Review: Goodbye My Feleni
Image: Sian Parker
Goodbye My Feleni
Basement Theatre, April 16, 2013
Reviewed by Frances Morton
The heroics of the Maori Battalion are cemented in our nation’s historical lore. What’s lesser known, is that within the D Company ranks – Ngati Walkabout as it was known – soldiers from the Pacific Islands marched alongside their Maori brothers in arms. Goodbye My Feleni takes up their tale. We meet Cook Islander Lance Corporal Simi Bishop (Samson Chan-Boon) and his two young subordinates Niuean Tama Apala (Leki Jackson Bourke) and Samoan Ione Churchward (Andy Sani) at Papakura Military Camp in 1942, just as they are about to ship off to “travel the world and kill Nazis”, as Apala says.
The new recruits are as squirmy as schoolboys at a sleepover party. Bishop beats time until reveille gambling at illicit card games in neighbouring barracks. Stuck in a merry limbo the excited soldiers face their future naively. Reality starts to sink in with the arrival of 2nd Lieutenant Eteli Masani (Taofia Pelesasa), a staunch, battle-weary veteran carrying secrets from the front.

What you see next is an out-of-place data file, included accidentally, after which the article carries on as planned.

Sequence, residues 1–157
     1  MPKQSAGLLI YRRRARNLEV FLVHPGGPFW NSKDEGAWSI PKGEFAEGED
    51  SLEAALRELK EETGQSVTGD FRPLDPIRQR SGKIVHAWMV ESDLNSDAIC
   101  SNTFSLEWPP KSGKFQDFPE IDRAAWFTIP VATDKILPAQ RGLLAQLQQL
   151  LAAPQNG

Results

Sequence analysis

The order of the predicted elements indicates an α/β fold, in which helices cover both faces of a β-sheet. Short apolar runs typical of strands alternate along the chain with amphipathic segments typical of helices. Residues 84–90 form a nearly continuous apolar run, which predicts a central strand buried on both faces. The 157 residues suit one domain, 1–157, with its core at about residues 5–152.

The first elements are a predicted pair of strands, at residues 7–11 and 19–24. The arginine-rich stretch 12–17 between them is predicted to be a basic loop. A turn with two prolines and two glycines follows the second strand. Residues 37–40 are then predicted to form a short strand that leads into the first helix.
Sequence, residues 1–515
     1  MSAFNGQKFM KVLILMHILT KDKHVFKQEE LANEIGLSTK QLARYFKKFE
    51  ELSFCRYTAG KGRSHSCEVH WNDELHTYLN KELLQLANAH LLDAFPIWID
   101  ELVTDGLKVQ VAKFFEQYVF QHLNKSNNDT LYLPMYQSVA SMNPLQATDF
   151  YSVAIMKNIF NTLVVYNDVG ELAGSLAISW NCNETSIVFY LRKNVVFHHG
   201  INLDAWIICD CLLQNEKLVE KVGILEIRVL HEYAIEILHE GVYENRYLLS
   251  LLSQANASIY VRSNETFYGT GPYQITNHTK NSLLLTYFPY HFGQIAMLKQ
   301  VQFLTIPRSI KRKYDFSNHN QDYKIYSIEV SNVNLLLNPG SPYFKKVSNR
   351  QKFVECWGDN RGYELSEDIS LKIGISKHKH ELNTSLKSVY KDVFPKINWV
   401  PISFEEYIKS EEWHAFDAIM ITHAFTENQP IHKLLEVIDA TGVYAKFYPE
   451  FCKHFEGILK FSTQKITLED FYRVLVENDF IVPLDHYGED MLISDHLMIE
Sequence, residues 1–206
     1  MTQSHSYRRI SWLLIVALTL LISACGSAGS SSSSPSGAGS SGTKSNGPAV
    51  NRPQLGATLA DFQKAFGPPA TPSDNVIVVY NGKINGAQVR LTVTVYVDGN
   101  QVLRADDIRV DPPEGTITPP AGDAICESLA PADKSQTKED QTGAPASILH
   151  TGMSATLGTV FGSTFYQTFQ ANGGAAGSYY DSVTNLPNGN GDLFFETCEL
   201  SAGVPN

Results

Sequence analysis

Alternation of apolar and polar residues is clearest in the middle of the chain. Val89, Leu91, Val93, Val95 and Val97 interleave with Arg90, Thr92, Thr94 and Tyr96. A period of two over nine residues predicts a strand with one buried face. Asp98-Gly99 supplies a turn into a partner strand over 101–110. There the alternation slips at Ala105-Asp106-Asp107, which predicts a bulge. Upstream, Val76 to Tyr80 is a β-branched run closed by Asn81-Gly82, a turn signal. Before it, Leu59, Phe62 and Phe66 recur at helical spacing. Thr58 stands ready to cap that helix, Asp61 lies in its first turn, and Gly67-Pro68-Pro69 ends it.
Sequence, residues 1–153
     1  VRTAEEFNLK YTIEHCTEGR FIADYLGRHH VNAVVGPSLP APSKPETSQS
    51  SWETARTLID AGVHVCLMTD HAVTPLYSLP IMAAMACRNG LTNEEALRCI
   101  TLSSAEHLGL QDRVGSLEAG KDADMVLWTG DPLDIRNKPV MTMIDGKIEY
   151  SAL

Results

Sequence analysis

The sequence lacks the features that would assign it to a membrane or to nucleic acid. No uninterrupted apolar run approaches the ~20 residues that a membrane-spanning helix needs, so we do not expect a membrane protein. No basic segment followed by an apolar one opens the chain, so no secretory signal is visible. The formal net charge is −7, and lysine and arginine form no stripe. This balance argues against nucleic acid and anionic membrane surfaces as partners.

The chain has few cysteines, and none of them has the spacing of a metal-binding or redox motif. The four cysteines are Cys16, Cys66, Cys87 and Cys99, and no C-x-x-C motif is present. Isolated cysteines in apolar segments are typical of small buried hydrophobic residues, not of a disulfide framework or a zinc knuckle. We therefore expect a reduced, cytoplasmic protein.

The title comes from a Samoan farewell song and familiar wartime tunes are expertly woven through the play. As well as being beautifully performed (Chan-Boon has a fantastic voice) they provide the historical context. Including British tunes like “It’s a Long Way to Tipperary” highlights the absurdity of kids from Niue and Aitutaki heading to the battlefields of Europe.
There are some lovely touches in the direction by Shadon Meredith and Amelia Reid-Meredith, particularly the movement of the actors transitioning scenes in the tight Basement space. The action takes place in darkness illuminated by shifting spot lighting. This evokes the restrictive camp setting well.
Ultimately the story wants to soar and despite a very solid script by David Mamea, the play doesn’t quite find the emotional heights it’s reaching for. The actors do cheeky comedy superbly but need to delve into riskier territory to find dramatic depths. Too many fluffed lines on opening night were a distraction. That aside, the plight of Pasifika soldiers during World War II is a story that needs to be told and makes great material for the stage. Goodbye My Feleni is an engaging and thought-provoking prelude to Anzac Day.
Until April 25